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Comment: Re:Why I don't read Slashdot any more (Score 1) 426

by andersenep (#39536937) Attached to: Adobe Releases Last Linux Version of Flash Player

Most people "outside the bubble" as you put it are probably uninformed and have no idea what flash actually is or that alternatives exist. It is up to proficient, informed and educated people to drive new and better technology forward. If all you care about is watching mindless shit on Hulu, than there are literally hundreds of viable solutions to do so. For christ's sake, the article was in reference to a new (albeit the last) version of flash for linux.

Please leave your landline number, and I'll be happy to call you when HTML5 is the no shit standard. Since not everyone has moved on to cell phones, skype, instant messaging, facebook, twitter and email yet, I assume this will be the only way to reach you. Or maybe I could just send you a messenger with a clay tablet or papyrus scroll.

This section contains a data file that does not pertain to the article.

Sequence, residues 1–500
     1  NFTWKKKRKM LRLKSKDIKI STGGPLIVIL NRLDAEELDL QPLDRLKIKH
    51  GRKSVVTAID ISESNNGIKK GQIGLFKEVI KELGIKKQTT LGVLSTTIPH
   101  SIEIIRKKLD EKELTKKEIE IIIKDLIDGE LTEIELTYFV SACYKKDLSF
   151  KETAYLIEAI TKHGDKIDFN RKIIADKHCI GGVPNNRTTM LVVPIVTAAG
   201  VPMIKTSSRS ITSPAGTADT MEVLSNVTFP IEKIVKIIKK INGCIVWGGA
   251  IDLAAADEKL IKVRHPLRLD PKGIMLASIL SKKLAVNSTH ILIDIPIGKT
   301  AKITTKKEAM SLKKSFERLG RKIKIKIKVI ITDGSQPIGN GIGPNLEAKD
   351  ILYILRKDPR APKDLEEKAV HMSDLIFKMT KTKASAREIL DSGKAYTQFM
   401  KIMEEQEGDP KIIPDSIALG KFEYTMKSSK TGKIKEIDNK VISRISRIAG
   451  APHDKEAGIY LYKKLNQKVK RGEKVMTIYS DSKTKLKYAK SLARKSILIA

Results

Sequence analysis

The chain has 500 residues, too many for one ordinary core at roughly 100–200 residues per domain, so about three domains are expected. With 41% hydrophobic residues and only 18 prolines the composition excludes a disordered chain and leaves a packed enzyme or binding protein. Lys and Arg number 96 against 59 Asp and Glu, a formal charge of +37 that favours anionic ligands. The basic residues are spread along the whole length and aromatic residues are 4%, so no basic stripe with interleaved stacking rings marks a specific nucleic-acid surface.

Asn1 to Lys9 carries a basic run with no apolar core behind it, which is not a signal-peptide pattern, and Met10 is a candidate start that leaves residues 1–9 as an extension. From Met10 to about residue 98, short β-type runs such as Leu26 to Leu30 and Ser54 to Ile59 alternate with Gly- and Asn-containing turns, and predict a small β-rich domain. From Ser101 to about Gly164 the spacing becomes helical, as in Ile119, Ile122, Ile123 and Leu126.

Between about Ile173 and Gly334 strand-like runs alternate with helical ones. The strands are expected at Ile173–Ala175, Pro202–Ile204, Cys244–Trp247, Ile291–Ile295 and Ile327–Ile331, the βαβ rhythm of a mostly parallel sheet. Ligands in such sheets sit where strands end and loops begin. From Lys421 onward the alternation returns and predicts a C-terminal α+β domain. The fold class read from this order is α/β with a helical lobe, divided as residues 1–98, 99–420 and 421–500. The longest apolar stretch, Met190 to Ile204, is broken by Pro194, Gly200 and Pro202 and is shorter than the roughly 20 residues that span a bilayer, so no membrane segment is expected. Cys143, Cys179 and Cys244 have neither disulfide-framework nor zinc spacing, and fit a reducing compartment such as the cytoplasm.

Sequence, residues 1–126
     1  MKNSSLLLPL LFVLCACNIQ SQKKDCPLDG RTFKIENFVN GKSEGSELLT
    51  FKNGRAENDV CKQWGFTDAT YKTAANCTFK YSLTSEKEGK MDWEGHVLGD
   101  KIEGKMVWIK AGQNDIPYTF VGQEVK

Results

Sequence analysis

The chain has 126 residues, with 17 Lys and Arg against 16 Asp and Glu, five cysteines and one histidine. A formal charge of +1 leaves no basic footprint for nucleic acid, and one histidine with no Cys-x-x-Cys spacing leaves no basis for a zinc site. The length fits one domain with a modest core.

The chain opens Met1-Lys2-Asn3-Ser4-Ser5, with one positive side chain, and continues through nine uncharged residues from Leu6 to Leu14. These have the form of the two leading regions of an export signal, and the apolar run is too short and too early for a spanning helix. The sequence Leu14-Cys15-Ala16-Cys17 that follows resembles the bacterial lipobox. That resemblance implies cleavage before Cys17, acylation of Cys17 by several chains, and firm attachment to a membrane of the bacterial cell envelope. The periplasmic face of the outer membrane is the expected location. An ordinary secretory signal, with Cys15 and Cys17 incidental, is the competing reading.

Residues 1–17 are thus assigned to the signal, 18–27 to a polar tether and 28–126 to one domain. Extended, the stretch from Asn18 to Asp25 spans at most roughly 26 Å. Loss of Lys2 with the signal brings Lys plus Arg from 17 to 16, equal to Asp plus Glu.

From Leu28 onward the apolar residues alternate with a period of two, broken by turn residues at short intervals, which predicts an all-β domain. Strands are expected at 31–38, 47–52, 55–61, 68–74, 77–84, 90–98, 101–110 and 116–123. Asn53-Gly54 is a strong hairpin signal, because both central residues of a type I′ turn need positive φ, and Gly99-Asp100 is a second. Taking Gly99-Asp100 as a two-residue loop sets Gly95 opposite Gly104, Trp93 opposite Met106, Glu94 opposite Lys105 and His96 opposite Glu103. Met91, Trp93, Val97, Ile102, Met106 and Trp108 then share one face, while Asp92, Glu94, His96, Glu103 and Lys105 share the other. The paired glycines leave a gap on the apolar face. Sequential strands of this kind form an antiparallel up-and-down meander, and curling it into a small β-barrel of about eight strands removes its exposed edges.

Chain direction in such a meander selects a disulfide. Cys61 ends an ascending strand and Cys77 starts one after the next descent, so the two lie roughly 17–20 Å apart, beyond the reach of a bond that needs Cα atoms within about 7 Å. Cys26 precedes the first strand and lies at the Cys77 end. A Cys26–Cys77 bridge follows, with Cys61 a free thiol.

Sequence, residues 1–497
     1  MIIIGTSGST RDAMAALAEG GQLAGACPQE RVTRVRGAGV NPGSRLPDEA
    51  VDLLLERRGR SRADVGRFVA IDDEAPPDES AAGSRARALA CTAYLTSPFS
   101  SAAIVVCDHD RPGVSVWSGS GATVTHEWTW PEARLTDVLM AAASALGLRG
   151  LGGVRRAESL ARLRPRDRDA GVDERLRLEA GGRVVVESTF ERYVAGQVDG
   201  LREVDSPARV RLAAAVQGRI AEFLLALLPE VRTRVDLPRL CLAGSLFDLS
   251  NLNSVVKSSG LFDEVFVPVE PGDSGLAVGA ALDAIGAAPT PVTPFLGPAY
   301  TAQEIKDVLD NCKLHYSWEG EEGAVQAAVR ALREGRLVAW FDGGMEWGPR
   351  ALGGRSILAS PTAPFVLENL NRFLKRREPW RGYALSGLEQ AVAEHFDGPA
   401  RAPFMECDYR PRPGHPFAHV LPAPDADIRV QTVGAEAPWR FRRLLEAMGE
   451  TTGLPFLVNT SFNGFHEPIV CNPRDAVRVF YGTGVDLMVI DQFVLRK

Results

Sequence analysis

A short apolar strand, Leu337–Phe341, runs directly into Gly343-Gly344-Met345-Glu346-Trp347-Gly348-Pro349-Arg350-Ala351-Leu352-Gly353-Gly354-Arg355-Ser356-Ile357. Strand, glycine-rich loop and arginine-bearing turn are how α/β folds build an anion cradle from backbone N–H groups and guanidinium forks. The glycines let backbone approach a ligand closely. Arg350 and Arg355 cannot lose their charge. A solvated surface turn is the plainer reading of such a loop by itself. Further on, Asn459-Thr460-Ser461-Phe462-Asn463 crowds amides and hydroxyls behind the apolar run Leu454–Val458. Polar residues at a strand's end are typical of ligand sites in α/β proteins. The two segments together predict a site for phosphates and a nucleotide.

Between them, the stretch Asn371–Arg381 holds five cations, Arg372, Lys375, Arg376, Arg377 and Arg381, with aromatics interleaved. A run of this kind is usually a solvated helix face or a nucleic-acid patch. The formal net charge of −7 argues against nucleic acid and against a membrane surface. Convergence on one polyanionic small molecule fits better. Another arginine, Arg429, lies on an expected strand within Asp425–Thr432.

Comment: Re:And the winner is...... (Score 1) 403

by andersenep (#33828284) Attached to: Apple vs. Google TVs
I love my Xtreamer. Best $99 I ever spent. I use it solely for streaming media from my file server, but it has some sort of capability for internet streaming as well. It'll play any format/container I've thrown at it. It's small and quiet. The company is very good about making updates/bugfixes available. I have absolutely no use for Apple or Google TV.

Comment: Re:what secrets are these? (Score 1) 372

by andersenep (#33618010) Attached to: US Couple Arrested For Transmitting Nuclear Secrets In Sting Operation

Any 14 year-old could probably make an atomic bomb with a critical mass of uranium or plutonium. Such a bomb would be huge and require lots of shielding to be safe to handle - like attaching to an aircraft or loading into a shipping container.